Jones brings explosiveness to IU’s 2021 class

From his spot on the sideline, Valparaiso coach Bill Marshall could see two things.

First, he saw the ball poked out of the hands of LaPorte’s quarterback, bouncing toward midfield. He then saw his 6-foot-6, 250-pound defensive end, Cooper Jones, sprinting toward it.

Marshall knew what was coming next.

“That’s six,” Marshall reflexively told his defensive coordinator through a headset.

They had seen enough sprints in practice to know Jones isn’t an ordinary 6-6, 250-pound athlete. The newly minted Indiana commit is so explosive, he doesn’t run with his fellow linemen. He’s sprints with linebackers, tight ends, and running backs.

No one could pull even with Jones that night, as big No. 11 pulled away like a gazelle over the plain in a 45-0 win over LaPorte.

“I’m getting shivers just thinking about it right now, but the minute he had his hands on that ball, I knew there was no one that was going to catch him,” Marshall said.

It’s not just inherited speed — his dad played d-line at Notre Dame, and his mom was a softball player at IU. But this is also speed Jones earned. Since freshman year, the three-star d-end has speed-trained with a car tire dragging behind him.

“It’s pretty tough, but it works,” said Jones, who picked up that workout from his father Eric. “I felt myself getting faster. It’s not fun while you’re doing it, but you appreciate it afterward.”

The Hoosiers’ second verbal commitment for the 2021 class had offers from Ohio State, Michigan, Iowa, and Purdue for a reason. He’s not only big and strong, the product of good genetics. Jones is also working with a nonstop motor, which he brought with him the moment he stepped on Valparaiso’s campus.

Noticing that killer combination, Marshall had Jones repping with the varsity as a freshman. He took his lumps, facing off against the likes of Ben Scott, a 6-5, 310-pounder who went on to be a preferred walk-on at Purdue. But by the time he was a sophomore, Jones was ready to wreak havoc on the line.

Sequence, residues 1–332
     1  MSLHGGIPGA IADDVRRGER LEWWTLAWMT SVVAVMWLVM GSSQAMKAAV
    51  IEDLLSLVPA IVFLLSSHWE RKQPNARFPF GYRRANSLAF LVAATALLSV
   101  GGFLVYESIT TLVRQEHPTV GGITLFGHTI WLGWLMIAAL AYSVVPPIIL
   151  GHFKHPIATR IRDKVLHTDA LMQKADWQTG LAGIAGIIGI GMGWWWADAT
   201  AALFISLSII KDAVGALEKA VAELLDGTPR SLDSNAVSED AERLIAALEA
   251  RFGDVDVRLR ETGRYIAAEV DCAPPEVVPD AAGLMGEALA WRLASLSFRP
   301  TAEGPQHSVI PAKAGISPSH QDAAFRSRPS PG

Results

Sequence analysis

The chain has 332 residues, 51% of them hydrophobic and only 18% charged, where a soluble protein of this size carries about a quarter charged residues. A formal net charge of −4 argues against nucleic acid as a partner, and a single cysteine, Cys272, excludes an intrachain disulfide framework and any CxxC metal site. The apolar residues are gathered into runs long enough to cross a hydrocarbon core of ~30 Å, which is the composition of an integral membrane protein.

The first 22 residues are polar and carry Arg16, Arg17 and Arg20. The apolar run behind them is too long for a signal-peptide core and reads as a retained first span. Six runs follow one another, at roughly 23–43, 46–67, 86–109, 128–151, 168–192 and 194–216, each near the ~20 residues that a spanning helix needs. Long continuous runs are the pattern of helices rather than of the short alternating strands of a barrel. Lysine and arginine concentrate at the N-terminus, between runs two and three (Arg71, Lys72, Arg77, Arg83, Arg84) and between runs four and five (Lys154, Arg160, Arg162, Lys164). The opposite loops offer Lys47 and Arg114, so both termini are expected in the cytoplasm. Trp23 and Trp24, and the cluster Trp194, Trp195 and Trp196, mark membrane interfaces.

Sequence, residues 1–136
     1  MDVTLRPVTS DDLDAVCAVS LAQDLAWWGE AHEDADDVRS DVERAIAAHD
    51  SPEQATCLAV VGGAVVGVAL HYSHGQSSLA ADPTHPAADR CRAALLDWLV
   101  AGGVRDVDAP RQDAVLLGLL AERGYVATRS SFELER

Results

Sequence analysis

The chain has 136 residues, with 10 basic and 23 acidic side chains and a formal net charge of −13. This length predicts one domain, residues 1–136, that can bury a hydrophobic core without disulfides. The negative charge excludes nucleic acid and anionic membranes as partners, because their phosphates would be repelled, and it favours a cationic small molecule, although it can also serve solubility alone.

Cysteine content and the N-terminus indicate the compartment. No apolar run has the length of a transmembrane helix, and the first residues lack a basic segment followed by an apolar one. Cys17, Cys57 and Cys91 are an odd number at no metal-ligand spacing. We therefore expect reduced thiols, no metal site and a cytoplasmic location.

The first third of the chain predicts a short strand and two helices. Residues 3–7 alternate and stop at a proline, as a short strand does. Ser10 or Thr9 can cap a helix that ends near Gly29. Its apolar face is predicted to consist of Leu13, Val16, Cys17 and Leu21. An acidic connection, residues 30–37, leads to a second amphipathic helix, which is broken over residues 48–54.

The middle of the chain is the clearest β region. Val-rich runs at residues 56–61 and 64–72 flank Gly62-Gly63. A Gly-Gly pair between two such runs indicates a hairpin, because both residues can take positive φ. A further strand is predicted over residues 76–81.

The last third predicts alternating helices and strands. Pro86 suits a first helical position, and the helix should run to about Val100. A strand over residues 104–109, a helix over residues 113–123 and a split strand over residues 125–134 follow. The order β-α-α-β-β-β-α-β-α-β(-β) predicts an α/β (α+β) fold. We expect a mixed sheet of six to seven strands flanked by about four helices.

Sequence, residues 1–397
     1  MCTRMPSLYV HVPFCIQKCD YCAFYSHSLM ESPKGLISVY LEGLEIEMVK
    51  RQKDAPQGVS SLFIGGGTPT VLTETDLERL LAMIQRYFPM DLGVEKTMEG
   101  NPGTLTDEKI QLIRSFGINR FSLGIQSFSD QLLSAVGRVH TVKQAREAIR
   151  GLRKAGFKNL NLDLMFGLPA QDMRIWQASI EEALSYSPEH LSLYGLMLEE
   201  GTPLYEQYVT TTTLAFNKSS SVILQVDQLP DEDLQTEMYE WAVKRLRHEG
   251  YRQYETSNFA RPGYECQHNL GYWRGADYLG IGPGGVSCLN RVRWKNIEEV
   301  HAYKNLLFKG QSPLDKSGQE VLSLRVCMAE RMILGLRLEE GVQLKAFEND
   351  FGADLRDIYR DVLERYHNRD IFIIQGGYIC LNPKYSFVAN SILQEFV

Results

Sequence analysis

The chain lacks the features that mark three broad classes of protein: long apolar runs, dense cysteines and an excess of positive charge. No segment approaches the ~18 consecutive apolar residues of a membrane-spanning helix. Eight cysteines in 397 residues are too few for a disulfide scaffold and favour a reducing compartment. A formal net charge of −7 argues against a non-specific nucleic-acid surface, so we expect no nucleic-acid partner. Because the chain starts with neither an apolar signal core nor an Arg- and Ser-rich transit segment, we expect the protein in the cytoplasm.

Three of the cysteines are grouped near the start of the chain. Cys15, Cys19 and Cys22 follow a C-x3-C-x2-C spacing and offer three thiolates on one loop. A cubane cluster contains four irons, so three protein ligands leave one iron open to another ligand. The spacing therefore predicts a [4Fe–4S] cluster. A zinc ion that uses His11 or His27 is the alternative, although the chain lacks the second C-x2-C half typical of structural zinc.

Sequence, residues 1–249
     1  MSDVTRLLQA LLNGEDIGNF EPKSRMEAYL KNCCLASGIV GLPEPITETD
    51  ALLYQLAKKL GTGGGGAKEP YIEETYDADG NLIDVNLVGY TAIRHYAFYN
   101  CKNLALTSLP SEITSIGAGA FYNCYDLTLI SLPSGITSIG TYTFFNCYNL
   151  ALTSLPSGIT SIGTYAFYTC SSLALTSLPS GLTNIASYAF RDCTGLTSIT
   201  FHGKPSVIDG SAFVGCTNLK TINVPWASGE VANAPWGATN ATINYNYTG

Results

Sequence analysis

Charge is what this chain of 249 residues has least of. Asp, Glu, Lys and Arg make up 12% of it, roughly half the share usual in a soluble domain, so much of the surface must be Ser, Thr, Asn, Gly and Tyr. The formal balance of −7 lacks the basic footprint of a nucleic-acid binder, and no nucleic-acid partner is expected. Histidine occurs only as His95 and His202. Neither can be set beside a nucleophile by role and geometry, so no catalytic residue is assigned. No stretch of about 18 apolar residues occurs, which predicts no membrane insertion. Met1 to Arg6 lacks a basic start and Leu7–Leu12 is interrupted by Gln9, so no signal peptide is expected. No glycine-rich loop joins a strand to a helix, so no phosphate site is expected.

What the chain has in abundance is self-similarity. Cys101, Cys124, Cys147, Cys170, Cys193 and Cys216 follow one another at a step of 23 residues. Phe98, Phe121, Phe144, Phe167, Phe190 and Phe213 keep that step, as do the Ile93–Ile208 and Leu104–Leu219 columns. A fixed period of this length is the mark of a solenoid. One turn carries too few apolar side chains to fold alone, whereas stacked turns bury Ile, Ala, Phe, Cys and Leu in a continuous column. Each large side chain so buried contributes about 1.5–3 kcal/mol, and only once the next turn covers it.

He’s produced seven and six sacks, respectively, in two varsity seasons. Not overwhelming totals. But press play on his game highlights, and it’s apparent statistics don’t tell the full story. Big No. 11 is constantly putting blockers on their heels, using his long arms and quick hands to bull or swim his way into the backfield.

He’s crashing down the line, or chasing down running backs 30 yards downfield. He’s forcing quarterbacks to flee the pocket. He’s all over the field, a man amongst boys, even as a junior in grade.

“The reason stats lie is because teams always did things to make sure Cooper Jones didn’t hurt them,” Marshall said. “And in doing so, Dylan Dingman, our other defensive end, he really reaped the benefits of that (13 sacks). He’s a great player in his own right.

“But even with that, with double teams and chips and things like that, (Jones) still has had two tremendous seasons for us.”

Jones and Dingman were a terrible twosome that helped Valparaiso log eight games of seven or fewer points surrendered in 2019, reaching the Class 5A title game.

While opposing teams have made plans to stop Jones, the Vikings adjusted by moving him all over the defensive line. He has caused problems for offensive tackles, guards, and centers alike. He’s collected 105 tackles in two season, along with seven pass deflections and four fumble recoveries.